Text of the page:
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For housing loan approvals, banks carry out certain due diligence, before sanctioning the same. This process consists of two distinct parts. In the first part, the bank/ housing finance company, will conduct a scrutiny on the customer. This financial due diligence of the home loan seeker is done, on the basis of the home loan documents submitted by the customer, to determine the quantum of home loan eligibility, and to ensure that the applicant can service the loan properly. The second part pertains to legal due diligence on the documents and title of the property, for which the home loan is sought, to establish the legal ownership of the property, and the competence of the seller to sell it.
Legal due diligence of the property
In most under-construction projects, the developer gets the legal due diligence done by the lenders, in advance. This is commonly known as pre-approval of the project. It is often used as an assurance from the developer and lender, that the lender has carried out the legal due diligence on the title of the land of the project. Consequently, loan approvals for the project may be relatively smoother, as one part of the verification process is already completed.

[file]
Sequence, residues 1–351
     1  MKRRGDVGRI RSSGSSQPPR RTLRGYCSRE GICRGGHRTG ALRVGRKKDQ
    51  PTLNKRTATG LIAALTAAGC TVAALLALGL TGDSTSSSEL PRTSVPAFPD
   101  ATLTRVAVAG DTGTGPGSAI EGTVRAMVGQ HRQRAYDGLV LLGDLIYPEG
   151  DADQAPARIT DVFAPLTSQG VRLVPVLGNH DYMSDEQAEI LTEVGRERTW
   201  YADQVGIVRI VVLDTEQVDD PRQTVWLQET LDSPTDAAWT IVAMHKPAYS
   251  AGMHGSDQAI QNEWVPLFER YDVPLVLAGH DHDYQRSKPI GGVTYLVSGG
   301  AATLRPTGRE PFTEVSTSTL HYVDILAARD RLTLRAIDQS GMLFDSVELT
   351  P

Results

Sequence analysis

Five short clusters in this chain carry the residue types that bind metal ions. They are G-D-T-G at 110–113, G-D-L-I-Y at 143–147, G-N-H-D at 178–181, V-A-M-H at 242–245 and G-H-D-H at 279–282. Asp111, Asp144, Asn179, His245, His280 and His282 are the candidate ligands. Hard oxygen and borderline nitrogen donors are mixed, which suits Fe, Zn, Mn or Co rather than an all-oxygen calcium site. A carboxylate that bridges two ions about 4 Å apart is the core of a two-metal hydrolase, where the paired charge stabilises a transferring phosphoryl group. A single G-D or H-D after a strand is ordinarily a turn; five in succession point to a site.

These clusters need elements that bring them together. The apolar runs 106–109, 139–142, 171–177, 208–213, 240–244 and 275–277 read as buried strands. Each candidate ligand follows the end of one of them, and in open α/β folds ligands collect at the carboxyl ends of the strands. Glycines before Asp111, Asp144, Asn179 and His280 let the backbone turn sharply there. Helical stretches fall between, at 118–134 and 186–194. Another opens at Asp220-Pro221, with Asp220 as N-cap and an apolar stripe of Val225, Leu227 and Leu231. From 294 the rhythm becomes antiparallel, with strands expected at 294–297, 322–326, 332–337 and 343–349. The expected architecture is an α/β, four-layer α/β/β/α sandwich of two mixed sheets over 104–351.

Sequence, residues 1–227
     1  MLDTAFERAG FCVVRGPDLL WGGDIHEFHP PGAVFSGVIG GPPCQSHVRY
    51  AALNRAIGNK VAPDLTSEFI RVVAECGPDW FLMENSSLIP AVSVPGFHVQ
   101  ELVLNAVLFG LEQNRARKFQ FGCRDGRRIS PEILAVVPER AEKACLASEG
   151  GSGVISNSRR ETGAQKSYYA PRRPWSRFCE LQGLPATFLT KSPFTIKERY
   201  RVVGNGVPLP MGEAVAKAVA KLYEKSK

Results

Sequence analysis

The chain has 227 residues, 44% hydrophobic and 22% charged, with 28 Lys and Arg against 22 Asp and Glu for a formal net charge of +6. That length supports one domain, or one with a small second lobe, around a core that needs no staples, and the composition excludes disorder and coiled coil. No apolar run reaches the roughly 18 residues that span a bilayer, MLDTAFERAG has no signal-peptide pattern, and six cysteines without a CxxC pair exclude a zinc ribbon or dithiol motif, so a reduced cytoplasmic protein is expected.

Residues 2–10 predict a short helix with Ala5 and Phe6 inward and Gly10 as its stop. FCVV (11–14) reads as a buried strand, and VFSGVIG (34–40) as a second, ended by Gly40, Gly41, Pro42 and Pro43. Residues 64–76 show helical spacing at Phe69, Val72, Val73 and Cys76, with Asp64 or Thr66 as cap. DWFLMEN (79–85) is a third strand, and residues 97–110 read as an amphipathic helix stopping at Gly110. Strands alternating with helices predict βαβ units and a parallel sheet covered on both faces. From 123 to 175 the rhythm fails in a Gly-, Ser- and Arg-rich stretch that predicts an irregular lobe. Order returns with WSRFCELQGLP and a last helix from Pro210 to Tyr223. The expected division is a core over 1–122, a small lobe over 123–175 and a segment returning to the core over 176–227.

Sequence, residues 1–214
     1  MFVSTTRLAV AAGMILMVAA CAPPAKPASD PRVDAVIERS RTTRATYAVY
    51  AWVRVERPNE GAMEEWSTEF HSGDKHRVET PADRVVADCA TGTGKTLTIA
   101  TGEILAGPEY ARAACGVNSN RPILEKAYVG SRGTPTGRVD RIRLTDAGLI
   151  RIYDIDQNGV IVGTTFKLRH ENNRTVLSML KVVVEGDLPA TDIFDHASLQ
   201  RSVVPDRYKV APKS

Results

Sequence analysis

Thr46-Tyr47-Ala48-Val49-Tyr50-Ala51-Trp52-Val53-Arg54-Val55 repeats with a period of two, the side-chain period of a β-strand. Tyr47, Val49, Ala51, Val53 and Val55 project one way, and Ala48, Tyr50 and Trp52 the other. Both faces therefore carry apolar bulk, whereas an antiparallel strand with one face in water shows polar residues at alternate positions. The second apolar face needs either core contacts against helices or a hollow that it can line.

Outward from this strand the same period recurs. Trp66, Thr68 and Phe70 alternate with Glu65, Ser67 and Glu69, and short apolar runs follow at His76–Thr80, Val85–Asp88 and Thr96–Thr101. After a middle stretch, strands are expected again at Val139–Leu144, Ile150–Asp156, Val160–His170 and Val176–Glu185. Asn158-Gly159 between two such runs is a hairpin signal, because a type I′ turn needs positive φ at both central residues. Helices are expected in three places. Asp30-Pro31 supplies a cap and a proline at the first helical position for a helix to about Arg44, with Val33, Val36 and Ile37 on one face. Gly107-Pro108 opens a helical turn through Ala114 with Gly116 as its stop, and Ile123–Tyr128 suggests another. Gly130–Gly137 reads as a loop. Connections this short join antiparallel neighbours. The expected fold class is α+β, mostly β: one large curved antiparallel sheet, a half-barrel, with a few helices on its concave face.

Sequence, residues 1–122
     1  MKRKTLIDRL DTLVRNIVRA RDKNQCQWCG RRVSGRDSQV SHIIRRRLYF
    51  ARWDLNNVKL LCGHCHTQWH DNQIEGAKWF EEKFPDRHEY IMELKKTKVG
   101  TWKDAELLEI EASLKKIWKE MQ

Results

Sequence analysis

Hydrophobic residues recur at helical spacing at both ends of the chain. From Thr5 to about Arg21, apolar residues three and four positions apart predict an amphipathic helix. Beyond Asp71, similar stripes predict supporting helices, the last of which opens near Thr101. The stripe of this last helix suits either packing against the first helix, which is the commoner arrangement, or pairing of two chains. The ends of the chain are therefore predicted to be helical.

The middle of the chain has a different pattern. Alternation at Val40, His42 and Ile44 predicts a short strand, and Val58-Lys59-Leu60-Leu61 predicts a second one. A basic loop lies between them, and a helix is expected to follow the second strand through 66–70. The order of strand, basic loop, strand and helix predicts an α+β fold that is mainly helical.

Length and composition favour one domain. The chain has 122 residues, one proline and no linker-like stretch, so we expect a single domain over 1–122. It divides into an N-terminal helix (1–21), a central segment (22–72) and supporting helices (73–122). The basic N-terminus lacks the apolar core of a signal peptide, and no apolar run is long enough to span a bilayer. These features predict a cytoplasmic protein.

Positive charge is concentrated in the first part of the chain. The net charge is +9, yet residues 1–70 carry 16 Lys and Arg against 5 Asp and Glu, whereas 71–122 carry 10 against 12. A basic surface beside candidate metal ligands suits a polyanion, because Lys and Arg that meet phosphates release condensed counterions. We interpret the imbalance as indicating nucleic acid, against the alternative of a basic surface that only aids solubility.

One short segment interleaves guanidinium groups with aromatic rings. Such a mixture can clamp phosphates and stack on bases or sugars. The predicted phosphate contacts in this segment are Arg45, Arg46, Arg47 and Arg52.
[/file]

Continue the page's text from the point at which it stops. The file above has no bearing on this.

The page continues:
It also saves the lender from the hassle of having to conduct due diligence every time a home loan application is received, for such an approved project, at any of its branches, as the data on such due diligence will already be available. Moreover, these pre-approved home loans reduce the processing time and ensure better conversion for the bank.
Should home buyers rely only on the due diligence of the bank?
Home buyers, who opt for a pre-approved home loan, are often under the impression that the legal due diligence carried out by the lender, guarantees a clear title to the property. However, this may not always be true and it is the buyer who is at risk, in case the title is found to be defective, later on. If any dispute or defect in the property’s title is discovered, the buyer is not absolved of his/her responsibility of serving the home loan, even if the property goes into litigation. In such a situation, the buyer may, temporarily, be deprived of his right over the property, while still having to service the housing loan.
Second due diligence
While the concept of a ‘second opinion’ is common in the medical profession, it is equally important in the case of a home purchase. Purchasing a house often, involves investing a substantial amount of one’s lifetime savings. Hence, it is advisable to be cautious, instead of trying to save a few thousand rupees by avoiding due diligence.
The recent litigation over land acquisition in Noida Extension, where more than 100 projects were derailed and possession abnormally delayed, is a prime example. If the Supreme Court had decided otherwise, all these buyers would have lost their savings. Even though the lenders in these projects may have carried out their own due diligence, buyers still faced a long litigation process.
(The author is a taxation and home finance expert, with 30 years’ experience)